As a consumer buying insurance cover, the amount of your deductible is an important issue. A deductible is an amount of money that a policyholder must personally pay before insurers pay out the remainder of a covered claim. For example, a driver with collision insurance that has a $2,000 deductible should cover the first $2,000 of repairs before the insurer pays the rest of the money to repair or replace the vehicle.
Insurers offer policyholders the choice of their deductibles. Coverage is available with a high deductible, which usually has low premiums. Policyholders assume more risk of future costs with this type of policy. Alternatively, policies with low deductibles are also an option, but the premiums are usually higher.
Each consumer should carefully consider which option best suits their needs. In many cases, however, a policy with a large deductible is a good choice. Here’s why.
The simple reason why large deductibles can make sense to many consumers
Large deductibles may make sense to many consumers because of the premium savings they provide. Although a high deductible policy means that a consumer could have to pay more if something goes wrong, the policyholder benefits from guaranteed reduced premiums for the duration of the cover in place. And for consumers who can be strategic about how they manage those savings, they may end up effectively getting the same protection that a lower deductible policy would provide – without the added costs.
To understand how this can happen, let’s say for example a home insurance policy with a deductible of $1,000 saves 25% compared to a policy with a deductible of $500. This could mean that a homeowner has the option of paying $1,500 per year for a policy with a $500 deductible or $1,125 per year for a policy with a $1,000 deductible.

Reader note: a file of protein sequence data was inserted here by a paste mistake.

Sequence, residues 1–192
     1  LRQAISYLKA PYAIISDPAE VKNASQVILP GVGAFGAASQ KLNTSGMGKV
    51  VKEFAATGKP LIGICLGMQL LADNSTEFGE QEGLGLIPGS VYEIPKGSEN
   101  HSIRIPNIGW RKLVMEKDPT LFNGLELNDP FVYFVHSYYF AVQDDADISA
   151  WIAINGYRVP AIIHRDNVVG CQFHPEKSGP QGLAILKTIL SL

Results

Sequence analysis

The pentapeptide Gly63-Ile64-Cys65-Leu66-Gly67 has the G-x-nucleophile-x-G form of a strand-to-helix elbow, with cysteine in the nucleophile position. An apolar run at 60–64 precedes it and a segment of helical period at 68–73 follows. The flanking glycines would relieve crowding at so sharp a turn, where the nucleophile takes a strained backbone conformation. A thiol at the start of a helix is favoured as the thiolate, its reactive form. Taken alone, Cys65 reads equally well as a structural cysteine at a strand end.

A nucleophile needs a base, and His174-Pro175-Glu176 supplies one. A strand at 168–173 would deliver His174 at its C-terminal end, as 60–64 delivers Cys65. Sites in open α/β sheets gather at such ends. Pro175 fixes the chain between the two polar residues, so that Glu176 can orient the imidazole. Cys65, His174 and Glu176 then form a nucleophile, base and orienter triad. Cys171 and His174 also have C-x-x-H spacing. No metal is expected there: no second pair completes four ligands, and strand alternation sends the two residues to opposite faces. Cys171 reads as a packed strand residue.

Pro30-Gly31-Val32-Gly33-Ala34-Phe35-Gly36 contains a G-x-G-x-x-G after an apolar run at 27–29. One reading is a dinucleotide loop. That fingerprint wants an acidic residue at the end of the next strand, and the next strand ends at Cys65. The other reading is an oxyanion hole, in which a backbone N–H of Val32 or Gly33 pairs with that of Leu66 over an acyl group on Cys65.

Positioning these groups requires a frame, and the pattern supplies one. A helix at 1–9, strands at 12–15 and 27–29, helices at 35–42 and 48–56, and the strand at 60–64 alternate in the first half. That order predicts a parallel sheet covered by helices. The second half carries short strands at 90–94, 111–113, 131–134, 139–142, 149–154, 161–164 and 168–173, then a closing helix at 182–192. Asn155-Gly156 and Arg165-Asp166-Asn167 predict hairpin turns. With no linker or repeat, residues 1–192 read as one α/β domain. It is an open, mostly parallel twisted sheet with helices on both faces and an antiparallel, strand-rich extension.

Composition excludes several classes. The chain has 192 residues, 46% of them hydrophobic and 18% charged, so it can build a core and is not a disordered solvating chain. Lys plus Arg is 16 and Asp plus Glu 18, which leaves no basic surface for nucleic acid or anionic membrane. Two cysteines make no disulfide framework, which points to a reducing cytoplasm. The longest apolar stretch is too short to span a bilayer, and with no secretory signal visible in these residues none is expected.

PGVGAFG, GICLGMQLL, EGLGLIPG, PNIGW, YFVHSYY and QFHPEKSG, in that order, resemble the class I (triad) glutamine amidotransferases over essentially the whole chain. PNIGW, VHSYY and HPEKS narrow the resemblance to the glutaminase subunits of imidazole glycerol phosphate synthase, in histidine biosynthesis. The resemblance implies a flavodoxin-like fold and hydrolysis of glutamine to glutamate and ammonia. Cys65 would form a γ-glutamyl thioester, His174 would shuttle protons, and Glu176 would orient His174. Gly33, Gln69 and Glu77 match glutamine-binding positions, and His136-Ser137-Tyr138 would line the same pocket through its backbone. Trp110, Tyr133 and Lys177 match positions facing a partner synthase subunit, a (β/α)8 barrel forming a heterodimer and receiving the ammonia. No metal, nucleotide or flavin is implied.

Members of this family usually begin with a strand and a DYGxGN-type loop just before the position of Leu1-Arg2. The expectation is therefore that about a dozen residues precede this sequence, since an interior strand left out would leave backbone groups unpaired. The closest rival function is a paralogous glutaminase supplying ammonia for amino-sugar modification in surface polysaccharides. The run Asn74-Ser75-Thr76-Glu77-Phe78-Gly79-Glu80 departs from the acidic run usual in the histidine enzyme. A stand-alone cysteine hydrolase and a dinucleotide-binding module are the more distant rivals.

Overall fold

This owner would save $375 per year or $31.25 per month by choosing the policy with the higher deductible. Over the course of 16 months, the policyholder who chose the plan with the $1,000 deductible could save the extra $500 they would have to pay if something went wrong with the property.
Saving money and not making too many claims is crucial
If they put that $500 in a special account to cover any additional costs they would be responsible for, then they would only have to find another $500 if they had to make a claim – the same amount they would have to with the reduced deductible scheme.
From then on, the extra $31.25 per month could be diverted to other things, leaving them better off than if they had the most expensive insurance coverage. So as long as they didn’t have to make a claim on their home insurance more often than every 16 months, they would be fine.
Of course, policyholders should make sure they have the money saved to cover out-of-pocket expenses if they opt for a high-deductible plan. But it often makes sense, as it can lead to lower expenses over time.
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